Ebola preparedness starts with dispelling fear

In an attempt to dispel any fear of the unknown surrounding ebola, EuroScientist analyse the many facets of the current outbreak based on the opinion of a broad range of experts. Above all, we look at whether European countries are sufficiently prepared to make adequate policy decisions that will help end this outbreak and prevent future ones.

Science together – contributing to citizen science projects around the world

Citizen science (CS) is a freely accessible and meaningful way to explore measure and experiment with the world around you. Also known as community science, crowd science, crowd-sourced science, voluntary monitoring and networked science, the initiative allows the public to engage with, contribute to and conduct scientific research to broadly increase knowledge.

Increasing awareness of researcher mental health

Recently, there has been an increasing amount of attention paid to the mental health of researchers. Research is an activity that aims to confront the boundaries of human knowledge: it demands excellence from all researchers, who aim to publish in peer-reviewed publications, submit grant applications, achieve tenure or defend a PhD thesis. Researchers identify with and are dedicated to their work to a very great extent. A recent report noted that researchers simultaneously demonstrate high levels of job satisfaction and high levels of stress and depression. Nevertheless, hard work does not have to lead to suffering.

Conflicting values of biomedical innovation?

The term ‘value’ is at the centre of an increasingly explicit debate in the fields of health and healthcare policy. ‘Value’ is understood in many different ways and diverging interests are being mobilised. How are values in biomedical innovation being expressed, represented, materialised and aligned or contested in different areas of biomedicine? How do values embedded in regulation, public health, economic policies, healthcare provision, technology assessment, producers’ strategies, and patient organisation movements shape biomedical innovations? At an ESOF discussion in Toulouse multidisciplinary perspectives on value between panel members and public participants will be explored and possible pathways to common solutions identified that promote socially acceptable biomedical innovation in the European context.

Environmental impact of transportation on Europe: view of science and industry

Climate change is a fact and all of us should be concerned about it. One of the main causes of climate change is the human-caused environmental impact, especially in developed countries like Europe or North America. A number of European companies and institutions are determined to give an example to the whole world and stop the increase of emissions produced on the continent. Transport accounts for a fourth of global CO2 emissions and it is one of the few industrial sectors where pollutant emissions are still growing. Our generation has a chance to stop this trend and build a better future for our children.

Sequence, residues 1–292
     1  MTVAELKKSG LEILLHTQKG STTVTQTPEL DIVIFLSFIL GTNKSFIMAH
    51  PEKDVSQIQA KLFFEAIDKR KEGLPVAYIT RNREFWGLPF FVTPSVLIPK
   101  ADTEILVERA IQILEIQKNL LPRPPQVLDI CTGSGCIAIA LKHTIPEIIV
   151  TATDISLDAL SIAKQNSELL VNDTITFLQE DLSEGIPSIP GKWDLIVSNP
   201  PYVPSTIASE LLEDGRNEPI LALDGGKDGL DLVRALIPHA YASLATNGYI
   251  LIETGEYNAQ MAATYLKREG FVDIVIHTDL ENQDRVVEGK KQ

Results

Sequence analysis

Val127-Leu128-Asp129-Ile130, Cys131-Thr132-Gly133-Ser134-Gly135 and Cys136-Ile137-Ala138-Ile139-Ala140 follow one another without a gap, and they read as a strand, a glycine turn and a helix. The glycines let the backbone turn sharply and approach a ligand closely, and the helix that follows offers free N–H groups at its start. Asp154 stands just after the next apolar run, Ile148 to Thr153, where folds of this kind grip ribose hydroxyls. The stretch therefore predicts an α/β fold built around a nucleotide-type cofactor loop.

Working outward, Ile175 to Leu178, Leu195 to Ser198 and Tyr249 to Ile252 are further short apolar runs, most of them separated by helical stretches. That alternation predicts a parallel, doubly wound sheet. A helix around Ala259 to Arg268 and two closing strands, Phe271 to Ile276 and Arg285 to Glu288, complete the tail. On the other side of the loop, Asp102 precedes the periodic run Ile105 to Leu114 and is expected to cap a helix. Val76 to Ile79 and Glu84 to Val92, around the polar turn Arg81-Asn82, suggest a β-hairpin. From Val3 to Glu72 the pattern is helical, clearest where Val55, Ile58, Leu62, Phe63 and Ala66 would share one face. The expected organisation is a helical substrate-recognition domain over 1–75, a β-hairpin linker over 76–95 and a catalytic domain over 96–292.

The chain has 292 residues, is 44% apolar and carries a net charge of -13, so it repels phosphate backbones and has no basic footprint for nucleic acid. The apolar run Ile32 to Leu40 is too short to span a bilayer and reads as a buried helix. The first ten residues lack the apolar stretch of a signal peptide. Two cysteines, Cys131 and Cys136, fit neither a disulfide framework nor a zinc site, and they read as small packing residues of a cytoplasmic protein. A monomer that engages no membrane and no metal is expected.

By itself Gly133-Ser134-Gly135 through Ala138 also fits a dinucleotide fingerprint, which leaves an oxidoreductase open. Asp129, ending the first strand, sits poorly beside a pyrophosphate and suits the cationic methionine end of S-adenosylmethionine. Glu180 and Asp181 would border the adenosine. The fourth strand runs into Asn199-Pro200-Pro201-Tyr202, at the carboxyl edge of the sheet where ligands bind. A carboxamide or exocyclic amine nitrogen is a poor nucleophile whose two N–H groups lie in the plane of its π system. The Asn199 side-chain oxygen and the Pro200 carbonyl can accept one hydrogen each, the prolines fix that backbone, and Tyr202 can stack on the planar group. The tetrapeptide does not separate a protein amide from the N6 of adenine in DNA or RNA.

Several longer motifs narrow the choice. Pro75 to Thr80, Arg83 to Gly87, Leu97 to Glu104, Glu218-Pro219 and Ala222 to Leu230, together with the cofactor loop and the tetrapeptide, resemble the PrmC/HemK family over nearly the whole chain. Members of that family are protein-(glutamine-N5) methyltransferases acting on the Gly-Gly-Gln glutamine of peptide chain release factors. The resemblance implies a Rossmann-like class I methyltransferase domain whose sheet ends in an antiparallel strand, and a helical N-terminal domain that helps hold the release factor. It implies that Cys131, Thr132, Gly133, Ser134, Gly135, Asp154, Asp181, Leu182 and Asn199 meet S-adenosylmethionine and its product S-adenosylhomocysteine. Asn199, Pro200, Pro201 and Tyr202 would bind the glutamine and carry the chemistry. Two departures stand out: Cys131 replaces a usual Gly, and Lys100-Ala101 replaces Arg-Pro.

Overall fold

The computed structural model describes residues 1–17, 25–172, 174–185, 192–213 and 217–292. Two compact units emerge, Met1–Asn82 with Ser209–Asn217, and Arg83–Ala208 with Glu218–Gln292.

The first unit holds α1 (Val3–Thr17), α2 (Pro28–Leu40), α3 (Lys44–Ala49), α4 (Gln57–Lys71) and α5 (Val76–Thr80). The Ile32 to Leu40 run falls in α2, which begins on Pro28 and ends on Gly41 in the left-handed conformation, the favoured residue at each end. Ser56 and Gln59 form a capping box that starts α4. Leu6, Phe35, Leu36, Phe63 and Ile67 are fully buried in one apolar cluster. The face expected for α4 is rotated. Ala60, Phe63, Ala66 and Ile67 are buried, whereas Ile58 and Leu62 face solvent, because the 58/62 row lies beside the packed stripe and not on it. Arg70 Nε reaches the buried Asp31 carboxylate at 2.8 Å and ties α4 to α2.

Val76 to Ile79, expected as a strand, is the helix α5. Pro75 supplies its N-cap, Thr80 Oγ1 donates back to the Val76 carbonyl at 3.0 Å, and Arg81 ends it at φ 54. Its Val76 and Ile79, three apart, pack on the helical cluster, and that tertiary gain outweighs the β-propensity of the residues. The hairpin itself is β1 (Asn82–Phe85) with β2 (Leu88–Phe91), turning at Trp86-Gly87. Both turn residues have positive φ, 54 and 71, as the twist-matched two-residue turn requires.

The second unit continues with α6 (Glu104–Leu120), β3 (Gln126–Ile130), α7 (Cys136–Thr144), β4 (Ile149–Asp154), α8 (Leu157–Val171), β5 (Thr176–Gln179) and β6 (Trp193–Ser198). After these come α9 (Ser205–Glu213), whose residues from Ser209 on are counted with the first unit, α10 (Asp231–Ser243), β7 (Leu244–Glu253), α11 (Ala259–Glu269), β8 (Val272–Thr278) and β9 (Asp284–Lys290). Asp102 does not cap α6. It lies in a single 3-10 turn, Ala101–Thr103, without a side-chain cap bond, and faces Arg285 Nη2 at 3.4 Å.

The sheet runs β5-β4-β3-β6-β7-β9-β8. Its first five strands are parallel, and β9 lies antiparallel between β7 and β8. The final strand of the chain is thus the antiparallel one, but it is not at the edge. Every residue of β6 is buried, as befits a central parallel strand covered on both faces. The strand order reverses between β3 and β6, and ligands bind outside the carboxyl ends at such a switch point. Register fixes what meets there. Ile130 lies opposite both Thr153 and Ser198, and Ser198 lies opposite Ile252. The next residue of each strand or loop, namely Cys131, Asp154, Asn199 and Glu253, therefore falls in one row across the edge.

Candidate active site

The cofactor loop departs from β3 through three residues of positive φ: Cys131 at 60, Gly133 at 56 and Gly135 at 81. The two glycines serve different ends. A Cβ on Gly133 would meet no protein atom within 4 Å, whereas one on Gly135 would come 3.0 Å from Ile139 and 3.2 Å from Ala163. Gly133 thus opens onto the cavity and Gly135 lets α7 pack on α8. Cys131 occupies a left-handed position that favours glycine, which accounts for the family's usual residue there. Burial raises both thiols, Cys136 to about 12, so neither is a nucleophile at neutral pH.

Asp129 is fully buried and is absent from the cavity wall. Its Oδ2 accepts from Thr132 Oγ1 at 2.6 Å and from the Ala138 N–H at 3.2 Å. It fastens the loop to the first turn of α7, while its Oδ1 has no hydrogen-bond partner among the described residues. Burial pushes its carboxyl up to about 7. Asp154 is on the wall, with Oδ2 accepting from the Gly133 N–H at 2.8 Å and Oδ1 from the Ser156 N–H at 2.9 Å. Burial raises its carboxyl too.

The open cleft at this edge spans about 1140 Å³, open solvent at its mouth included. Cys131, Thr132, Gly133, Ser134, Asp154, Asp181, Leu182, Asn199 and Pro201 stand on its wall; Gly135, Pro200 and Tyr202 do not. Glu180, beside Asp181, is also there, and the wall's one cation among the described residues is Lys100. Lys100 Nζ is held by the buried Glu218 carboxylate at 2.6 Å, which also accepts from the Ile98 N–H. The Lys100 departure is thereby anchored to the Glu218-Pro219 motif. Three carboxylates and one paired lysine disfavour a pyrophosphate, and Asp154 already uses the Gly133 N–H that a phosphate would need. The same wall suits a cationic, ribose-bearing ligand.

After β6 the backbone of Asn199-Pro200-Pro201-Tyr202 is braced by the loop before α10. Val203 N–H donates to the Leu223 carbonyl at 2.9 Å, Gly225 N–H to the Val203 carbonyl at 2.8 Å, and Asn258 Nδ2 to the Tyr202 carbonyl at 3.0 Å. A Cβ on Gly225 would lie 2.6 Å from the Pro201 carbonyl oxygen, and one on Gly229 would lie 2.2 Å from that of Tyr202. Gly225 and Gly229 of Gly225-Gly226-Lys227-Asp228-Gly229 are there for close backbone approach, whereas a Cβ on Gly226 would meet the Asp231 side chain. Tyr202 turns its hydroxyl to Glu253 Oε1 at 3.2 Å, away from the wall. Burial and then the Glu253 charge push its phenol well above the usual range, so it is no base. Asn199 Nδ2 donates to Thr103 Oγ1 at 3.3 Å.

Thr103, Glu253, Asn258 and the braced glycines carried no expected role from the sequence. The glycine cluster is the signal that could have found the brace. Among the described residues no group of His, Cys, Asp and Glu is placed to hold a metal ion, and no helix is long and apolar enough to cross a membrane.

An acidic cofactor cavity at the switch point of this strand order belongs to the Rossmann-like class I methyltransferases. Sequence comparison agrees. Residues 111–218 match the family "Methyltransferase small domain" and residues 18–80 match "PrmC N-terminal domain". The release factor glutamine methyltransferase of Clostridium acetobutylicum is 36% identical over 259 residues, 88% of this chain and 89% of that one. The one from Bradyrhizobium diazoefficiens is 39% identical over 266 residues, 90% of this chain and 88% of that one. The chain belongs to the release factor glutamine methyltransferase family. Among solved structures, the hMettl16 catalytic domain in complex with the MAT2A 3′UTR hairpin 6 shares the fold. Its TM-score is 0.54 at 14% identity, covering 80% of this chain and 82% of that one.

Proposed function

We are largely responsible for our own happiness

Everybody is different when it comes to assessing their subjective well-being. It is likely that the differences in people’s genetic makeup contribute to long-lasting differences in their subjective well-being. Find out from Philipp Koellinger, Lars Bertram, and Gert G. Wagner, who are experts in genetic studies, about the extent to which we are responsible for our own happiness.

Noise pollution: give citizens the means to reclaim their peace

Airport runways have the potential to cause long-term noise disturbance for those living in their vicinity. Associated health problems could also affect these neighbours. In the past 14 years, an EU Directive designed to measure the level of environmental noise and mitigate its effects on people’s health has been in place. However, its implementation in each Member States has watered down the provisions designed to empower citizens to force further noise reduction measures. EuroScientist investigates what could be done to give citizens living near noisy transport environments the means to get back an acceptable level of peace.

From Uber to OpenStreetCab: how data shifts the power back to users

Services like Uber are challenging traditional sectors such as the taxi industry. However, they may charge more than traditional taxis at time of high-demand. To counter this phenomenon, data analysis could bring full transparency in relation to taxi pricing by delivering a head-to-head comparison of all available taxis types. In this opinion piece, Anastasios Noulas, lecturer at the Data Science Institute at Lancaster University, UK, and OpenStreetCab co-founder, shares his experience of how data-driven solutions can increase transparency in tech-disrupted industries and ultimately provide better value for policy makers from publicly available data.